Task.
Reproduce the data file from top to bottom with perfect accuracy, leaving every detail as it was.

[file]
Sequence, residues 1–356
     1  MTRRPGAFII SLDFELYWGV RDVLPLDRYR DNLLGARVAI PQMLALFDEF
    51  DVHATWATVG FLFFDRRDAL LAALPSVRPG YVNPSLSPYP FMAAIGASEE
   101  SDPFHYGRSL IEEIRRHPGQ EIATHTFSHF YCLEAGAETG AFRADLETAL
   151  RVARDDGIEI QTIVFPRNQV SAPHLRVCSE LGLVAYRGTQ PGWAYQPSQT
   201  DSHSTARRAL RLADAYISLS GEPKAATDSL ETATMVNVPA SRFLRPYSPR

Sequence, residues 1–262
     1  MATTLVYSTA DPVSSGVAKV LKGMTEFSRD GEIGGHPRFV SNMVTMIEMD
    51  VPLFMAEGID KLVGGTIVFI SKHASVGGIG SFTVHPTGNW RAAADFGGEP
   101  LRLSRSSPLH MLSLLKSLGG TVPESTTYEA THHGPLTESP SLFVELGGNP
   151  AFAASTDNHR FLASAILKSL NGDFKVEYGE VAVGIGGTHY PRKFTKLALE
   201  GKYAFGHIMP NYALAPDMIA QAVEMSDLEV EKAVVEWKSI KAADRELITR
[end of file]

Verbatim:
Sequence, residues 1–356
     1  MTRRPGAFII SLDFELYWGV RDVLPLDRYR DNLLGARVAI PQMLALFDEF
    51  DVHATWATVG FLFFDRRDAL LAALPSVRPG YVNPSLSPYP FMAAIGASEE
   101  SDPFHYGRSL IEEIRRHPGQ EIATHTFSHF YCLEAGAETG AFRADLETAL
   151  RVARDDGIEI QTIVFPRNQV SAPHLRVCSE LGLVAYRGTQ PGWAYQPSQT
   201  DSHSTARRAL RLADAYISLS GEPKAATDSL ETATMVNVPA SRFLRPYSPR

Sequence, residues 1–262
     1  MATTLVYSTA DPVSSGVAKV LKGMTEFSRD GEIGGHPRFV SNMVTMIEMD
    51  VPLFMAEGID KLVGGTIVFI SKHASVGGIG SFTVHPTGNW RAAADFGGEP
   101  LRLSRSSPLH MLSLLKSLGG TVPESTTYEA THHGPLTESP SLFVELGGNP
   151  AFAASTDNHR FLASAILKSL NGDFKVEYGE VAVGIGGTHY PRKFTKLALE
   201  GKYAFGHIMP NYALAPDMIA QAVEMSDLEV EKAVVEWKSI KAADRELITR